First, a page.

What about strategies for socializing?
I think that’s the hardest — it’s definitely the hardest part for me. When in school, it’s very helpful to have two neurotypical mentors: one boy and one girl who will sort of look out for you and help you in social situations, be a buffer and translator and someone who can help tell us when we are being bullied, because we often don’t know when we are being bullied till it gets [really bad].
That continues throughout life. We never get more adept. Scripts are helpful. The little niceties that Aspies don’t like, because they seem shallow and insincere, are actually very helpful — like saying, ‘Hi, how are you?’
I think education is also important. There’s too much pressure to learn to be normal. It’s far more important for the world to learn about us: ‘That person’s on the spectrum, that’s why they are the way they are, and that’s why we love them the way they are.’
In your book, you talk about how friends and family should give Aspergirls what you humorously label ‘B.A.L.L.S.’
That stands for belief, acceptance, like, love and support. Belief is believing the diagnosis. First of all, a lot of us spend a lot of time trying to convince people. Believe that the child is an extraordinary person and capable of anything they set their mind to. This applies to autistic people as well, who are often grossly underestimated.
Acceptance is just accepting us for who we are, not trying to normalize us, because that will never happen. Like is because love is really important, but it’s just as important to like your child. We’re often bullied and have few friends. It’s really important that someone tells us that we are likable and are O.K. We hear a lot of ‘I love you, but I don’t like your behavior,’ that’s the message we get from parents.
Love, which goes without saying, is that spiritual quality that is hard to define but you know when you don’t have it.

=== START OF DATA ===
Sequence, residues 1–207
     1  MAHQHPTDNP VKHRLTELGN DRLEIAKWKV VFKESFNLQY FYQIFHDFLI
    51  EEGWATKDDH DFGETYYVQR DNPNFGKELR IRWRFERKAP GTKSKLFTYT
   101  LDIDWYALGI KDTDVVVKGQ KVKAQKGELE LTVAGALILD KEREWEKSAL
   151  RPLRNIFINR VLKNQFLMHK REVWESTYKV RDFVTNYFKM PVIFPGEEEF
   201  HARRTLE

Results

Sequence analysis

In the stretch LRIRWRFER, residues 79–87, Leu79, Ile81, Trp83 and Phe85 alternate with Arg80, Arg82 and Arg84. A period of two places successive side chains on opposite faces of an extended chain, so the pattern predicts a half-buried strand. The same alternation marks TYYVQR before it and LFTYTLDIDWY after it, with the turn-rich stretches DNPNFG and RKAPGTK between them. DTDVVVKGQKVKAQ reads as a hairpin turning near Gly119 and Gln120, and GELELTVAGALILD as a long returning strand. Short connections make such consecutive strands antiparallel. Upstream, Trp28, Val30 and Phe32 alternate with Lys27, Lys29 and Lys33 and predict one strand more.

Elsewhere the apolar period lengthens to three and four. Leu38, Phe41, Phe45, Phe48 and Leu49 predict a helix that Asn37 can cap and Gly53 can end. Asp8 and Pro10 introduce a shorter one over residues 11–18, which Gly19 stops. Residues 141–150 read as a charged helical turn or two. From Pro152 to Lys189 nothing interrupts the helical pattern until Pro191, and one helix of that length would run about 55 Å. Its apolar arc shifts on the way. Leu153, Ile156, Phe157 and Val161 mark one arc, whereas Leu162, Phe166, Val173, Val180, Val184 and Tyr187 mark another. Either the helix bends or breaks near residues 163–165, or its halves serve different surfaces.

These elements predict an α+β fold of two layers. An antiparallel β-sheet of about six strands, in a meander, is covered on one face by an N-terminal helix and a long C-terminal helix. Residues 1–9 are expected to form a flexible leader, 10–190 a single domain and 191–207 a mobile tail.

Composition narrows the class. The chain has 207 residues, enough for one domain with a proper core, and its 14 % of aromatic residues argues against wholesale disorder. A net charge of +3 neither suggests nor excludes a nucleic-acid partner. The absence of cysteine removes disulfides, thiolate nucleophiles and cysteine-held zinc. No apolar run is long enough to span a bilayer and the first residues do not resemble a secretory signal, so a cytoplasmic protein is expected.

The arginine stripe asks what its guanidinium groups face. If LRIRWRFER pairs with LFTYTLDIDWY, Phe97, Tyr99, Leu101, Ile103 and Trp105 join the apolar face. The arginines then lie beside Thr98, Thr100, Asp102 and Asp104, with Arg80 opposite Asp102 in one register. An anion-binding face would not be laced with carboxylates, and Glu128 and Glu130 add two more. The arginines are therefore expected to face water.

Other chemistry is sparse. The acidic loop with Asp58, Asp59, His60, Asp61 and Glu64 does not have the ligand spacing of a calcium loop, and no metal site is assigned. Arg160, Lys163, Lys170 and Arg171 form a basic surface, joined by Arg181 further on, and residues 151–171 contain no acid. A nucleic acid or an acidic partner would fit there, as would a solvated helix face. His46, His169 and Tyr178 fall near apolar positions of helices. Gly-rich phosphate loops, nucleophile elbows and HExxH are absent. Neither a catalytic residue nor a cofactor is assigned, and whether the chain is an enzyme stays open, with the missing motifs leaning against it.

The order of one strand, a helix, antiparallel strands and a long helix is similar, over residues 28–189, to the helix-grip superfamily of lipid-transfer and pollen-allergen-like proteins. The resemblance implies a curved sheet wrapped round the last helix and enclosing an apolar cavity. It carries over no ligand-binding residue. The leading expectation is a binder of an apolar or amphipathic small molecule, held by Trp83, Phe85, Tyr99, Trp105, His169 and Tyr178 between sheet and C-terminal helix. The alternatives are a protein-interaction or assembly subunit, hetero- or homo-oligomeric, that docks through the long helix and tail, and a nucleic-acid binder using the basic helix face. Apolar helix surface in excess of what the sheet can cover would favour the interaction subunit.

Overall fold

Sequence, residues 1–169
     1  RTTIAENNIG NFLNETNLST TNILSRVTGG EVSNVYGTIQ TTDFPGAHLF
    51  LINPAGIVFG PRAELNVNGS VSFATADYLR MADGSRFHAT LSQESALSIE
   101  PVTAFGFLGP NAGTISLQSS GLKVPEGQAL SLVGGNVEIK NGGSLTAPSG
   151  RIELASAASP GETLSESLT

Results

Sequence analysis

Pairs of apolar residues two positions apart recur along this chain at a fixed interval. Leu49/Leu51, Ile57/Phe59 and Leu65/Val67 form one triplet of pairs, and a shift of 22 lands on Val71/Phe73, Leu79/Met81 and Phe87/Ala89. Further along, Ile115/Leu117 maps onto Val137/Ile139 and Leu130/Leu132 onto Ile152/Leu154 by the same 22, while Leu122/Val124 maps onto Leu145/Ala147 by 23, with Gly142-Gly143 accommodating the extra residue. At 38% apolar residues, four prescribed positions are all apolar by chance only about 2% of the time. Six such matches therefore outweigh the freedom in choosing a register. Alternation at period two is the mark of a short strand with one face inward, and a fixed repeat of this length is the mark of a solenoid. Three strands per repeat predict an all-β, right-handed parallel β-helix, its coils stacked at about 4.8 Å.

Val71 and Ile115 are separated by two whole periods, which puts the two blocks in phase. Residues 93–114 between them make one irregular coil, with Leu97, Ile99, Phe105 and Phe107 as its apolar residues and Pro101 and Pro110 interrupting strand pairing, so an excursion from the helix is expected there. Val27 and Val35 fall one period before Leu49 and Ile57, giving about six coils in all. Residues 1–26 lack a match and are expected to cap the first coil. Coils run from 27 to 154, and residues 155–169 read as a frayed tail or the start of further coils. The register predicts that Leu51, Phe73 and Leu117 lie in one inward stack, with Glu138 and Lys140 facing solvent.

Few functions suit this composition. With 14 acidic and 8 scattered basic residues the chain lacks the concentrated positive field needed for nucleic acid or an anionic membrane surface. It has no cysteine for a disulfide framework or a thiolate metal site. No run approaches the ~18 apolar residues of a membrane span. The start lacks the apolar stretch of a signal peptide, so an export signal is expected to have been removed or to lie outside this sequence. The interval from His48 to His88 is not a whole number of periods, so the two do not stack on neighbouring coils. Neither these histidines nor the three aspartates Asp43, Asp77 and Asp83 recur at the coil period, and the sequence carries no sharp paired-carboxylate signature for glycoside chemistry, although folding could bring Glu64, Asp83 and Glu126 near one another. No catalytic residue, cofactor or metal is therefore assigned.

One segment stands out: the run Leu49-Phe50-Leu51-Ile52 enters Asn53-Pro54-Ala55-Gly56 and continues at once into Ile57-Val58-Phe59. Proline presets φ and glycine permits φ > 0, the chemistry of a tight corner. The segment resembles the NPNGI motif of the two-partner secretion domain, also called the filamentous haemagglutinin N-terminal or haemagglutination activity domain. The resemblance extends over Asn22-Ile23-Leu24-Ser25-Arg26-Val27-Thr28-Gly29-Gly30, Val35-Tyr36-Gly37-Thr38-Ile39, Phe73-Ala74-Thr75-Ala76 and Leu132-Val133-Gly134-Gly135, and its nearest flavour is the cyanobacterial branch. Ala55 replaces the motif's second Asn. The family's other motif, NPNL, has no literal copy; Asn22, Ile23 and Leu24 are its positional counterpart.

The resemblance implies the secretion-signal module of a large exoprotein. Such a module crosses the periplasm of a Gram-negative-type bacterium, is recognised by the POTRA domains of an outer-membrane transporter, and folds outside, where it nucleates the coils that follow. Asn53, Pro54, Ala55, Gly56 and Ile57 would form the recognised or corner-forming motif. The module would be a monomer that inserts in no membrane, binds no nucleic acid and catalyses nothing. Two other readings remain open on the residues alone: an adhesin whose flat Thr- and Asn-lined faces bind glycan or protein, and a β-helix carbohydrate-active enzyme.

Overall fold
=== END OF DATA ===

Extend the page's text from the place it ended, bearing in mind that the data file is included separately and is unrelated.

And support — that sometimes means we’re not quite ready to fly the nest as early as you might like. This can be hard on parents. They want their kid out there in the world and sometimes we need a little more time. A four-year degree might take six years. Sometimes, we need financial and emotional support longer than neurotypical children do.
What about the question of labeling and stigma? Do you think having the diagnosis helps or hurts children?
The trouble is the way the diagnosis is viewed and the way it is handed down. I have girls write to me who have just received the diagnosis and they are told, ‘You will never be able to have a job or a relationship.’
I say, first, fire that doctor and second, it shouldn’t be a diagnosis, it should be a proclamation: ‘You will have intense focus and interests. The likelihood that you will develop incredible skills or talents is much higher.’ There’s a lot of beauty to being on the spectrum.
Even severe autism contains within it the same kind of repetitive nature and focus. Very autistic people can develop incredible skills — it’s simply a different way of neurologically processing input.
[Psychologist and Asperger’s expert] Tony Attwood says, ‘You don’t suffer from Asperger’s, you suffer from other people.’ [Suffering is] only in the mirror of other people who see our uniqueness as a flaw. That’s because they’re the majority.
Maybe someday being neurotypical will be a diagnosis: ‘Oh, poor thing,s they have less focus and no special interests and a pathological need to socialize — maybe they need a support group.’